• Classement des meilleures ventes d'Amazon: 28.332 en Livres anglais et étrangers (Voir les 100 premiers en Livres anglais et étrangers)
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3.0 étoiles sur 5 Problème avec l'édition Kindle mais pas seulement 6 janvier 2014
Par Malali
Format:Format Kindle|Achat vérifié
J'ai lu ce livre jusqu'au bout car malgré tout il apprend beaucoup de choses, mais je dis malgré 1) un manque total de structure 2) au final pas de théorie ou de tentative d'explication du mal absolu 3) des bugs dans la version kindle
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0 internautes sur 3 ont trouvé ce commentaire utile 
3.0 étoiles sur 5 Livre brillant, extrait Kindle nul ! 15 décembre 2012
Par pierre
Format:Format Kindle
La note moyenne n'est pas pour le livre lui-même mais concerne le fait que l'extrait téléchargeable ne propose que la préface, pour cette version Kindle.
Assez nul...

Ceci dit, le livre lui-même n'a rien perdu de sa force !
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Amazon.com: 4.5 étoiles sur 5  141 commentaires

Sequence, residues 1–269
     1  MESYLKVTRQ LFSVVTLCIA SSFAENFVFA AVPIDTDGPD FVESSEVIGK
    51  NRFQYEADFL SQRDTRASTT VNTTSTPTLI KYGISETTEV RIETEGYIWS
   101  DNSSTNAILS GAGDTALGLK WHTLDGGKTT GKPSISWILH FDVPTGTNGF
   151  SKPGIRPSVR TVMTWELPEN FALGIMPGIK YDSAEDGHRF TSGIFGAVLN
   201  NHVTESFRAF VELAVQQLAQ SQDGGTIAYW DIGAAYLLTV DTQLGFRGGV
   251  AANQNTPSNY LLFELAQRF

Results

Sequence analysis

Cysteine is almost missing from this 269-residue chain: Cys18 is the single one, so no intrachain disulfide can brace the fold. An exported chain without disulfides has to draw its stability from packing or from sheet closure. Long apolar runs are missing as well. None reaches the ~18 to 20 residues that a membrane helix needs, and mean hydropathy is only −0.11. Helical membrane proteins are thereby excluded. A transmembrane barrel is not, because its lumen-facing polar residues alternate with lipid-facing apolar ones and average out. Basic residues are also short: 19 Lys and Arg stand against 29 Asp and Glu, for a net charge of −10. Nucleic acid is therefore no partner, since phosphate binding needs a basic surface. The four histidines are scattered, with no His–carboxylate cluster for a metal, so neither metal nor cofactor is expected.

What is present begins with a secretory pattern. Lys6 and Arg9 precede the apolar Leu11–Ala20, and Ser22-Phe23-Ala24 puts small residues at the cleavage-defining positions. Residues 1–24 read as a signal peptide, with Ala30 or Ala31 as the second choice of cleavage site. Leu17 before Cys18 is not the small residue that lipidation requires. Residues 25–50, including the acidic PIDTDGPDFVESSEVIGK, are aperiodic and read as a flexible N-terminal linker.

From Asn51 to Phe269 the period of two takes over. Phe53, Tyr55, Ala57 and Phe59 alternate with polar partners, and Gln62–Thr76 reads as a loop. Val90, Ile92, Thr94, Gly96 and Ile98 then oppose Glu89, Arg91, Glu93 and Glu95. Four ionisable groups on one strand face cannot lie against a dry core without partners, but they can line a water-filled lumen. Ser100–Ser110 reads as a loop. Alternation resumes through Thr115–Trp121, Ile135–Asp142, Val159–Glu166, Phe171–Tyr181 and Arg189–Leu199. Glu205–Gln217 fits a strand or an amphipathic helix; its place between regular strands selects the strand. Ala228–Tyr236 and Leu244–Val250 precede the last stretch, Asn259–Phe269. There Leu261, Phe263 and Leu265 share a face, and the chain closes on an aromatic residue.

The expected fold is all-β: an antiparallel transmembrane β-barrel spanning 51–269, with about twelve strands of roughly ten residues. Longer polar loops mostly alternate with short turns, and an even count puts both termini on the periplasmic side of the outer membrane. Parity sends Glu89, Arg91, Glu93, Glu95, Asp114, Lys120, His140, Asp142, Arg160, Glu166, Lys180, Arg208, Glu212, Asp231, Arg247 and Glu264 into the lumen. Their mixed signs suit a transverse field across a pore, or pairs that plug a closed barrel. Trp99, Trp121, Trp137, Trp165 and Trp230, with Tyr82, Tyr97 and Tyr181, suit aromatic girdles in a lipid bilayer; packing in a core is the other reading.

131 internautes sur 139 ont trouvé ce commentaire utile 
5.0 étoiles sur 5 A long respect 25 juillet 2001
Par Annie - Publié sur Amazon.com
Format:Broché
I first read this book 20+ years ago in my senior year of college, in a political theory seminar on Arendt, and have re-read it from time to time ever since. The seminar professor offered a keg of beer to anyone who could find the phrase "banality of evil" in the text of the book (NOT the cover, in Arendt's text). No one won the keg because Arendt NEVER USES the phrase banality of evil anywhere in the book, and she was NOT saying evil is banal. What she was trying to drive at is that you don't need a raver like Hitler, or an obvious monster with long fangs, to do evil -- that ordinary people, the kind you live next door to or pass on the street every day without a second thought -- can do tremendous evil. it's a conclusion that I agree with in my brain but still grapple with emotionally.
I'm also grateful to her because this book is the first place where she recounted the story of the Danish Jews, who were protected by just about the entire population of Denmark when the Nazis tried to round them up.
92 internautes sur 97 ont trouvé ce commentaire utile 
4.0 étoiles sur 5 Worthy of Its Popularity 2 avril 2003
Par Dustin Stein - Publié sur Amazon.com
Format:Broché